(CNN)Girls began queuing at their local school with their friends, waiting for their names to be called. Many were apprehensive. After all, most of them had not had a vaccination since they were babies. It was 2013 and a new vaccine had arrived in Kanyirabanyana, a village in the Gakenke district of Rwanda.
Why Rwanda could be the first country to wipe out cervical cancer
Three years before, Rwanda had decided to make preventing cervical cancer a health priority. The government agreed a partnership with pharmaceutical company Merck to offer Rwandan girls the opportunity to be vaccinated against human papillomavirus (HPV), which causes cervical cancer.
Cervical cancer is the most common cancer in Rwandan women, and there were considerable cultural barriers to the vaccination program -- HPV is a sexually transmitted infection and talking about sex is taboo in Rwanda. Added to this, rumors that the vaccine could cause infertility made some parents reluctant to allow their daughters to be vaccinated.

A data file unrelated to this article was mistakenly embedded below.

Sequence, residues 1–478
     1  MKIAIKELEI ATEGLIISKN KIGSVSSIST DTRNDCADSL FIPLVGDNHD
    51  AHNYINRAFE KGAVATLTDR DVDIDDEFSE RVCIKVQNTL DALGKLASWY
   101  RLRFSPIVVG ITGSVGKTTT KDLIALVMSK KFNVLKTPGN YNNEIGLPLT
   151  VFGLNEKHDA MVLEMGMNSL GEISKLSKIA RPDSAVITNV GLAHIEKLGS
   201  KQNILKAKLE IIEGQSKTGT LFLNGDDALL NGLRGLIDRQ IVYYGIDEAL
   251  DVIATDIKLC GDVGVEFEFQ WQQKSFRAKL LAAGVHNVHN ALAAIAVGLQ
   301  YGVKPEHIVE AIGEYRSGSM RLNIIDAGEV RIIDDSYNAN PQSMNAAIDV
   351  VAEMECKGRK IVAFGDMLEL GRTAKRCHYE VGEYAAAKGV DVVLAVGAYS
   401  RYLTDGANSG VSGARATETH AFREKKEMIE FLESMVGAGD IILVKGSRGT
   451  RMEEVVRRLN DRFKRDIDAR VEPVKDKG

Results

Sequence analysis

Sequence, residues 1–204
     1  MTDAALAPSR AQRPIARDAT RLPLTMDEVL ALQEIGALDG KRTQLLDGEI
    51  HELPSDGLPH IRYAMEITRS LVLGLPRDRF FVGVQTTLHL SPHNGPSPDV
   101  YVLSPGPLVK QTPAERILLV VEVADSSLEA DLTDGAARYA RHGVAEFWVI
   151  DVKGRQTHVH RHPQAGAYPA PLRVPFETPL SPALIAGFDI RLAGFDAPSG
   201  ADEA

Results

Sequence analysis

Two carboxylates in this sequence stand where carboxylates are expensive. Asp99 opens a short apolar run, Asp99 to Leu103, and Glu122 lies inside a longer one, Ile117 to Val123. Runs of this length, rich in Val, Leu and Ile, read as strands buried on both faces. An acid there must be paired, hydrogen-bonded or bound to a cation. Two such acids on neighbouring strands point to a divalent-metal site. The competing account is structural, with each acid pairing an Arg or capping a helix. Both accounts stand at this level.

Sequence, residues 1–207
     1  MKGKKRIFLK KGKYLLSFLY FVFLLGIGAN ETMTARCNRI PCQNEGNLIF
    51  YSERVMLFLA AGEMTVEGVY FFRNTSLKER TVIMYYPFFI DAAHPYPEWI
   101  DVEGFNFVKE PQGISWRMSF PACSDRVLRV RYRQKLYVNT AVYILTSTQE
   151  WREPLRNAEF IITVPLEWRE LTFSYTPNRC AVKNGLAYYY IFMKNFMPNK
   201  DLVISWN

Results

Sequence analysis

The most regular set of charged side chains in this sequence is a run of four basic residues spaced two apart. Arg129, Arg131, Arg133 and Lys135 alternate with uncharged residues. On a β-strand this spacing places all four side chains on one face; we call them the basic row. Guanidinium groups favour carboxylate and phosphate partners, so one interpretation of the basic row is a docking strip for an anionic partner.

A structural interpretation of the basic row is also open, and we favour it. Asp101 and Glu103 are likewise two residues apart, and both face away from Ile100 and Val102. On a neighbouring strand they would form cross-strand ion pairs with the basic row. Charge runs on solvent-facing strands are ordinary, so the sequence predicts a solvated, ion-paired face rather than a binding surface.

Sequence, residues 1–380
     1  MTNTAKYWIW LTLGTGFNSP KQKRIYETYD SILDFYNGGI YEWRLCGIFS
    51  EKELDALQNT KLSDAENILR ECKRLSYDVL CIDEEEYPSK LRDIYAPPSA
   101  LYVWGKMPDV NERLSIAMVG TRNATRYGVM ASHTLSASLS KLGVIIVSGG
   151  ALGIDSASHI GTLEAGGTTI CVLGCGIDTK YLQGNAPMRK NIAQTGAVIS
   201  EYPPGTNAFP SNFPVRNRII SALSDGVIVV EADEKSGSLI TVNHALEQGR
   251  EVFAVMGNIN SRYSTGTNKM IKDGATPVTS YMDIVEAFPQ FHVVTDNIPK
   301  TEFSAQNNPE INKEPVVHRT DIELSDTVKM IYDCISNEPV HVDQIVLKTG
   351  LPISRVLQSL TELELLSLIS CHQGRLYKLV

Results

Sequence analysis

Rwanda's economy and history also made it seem an improbable candidate for achieving high HPV vaccination coverage.
After the 1994 genocide, it was ranked as one of the poorest countries in the world. High-income countries had only achieved moderate coverage of the HPV vaccine; if the United States and France couldn't achieve high coverage, how could Rwanda?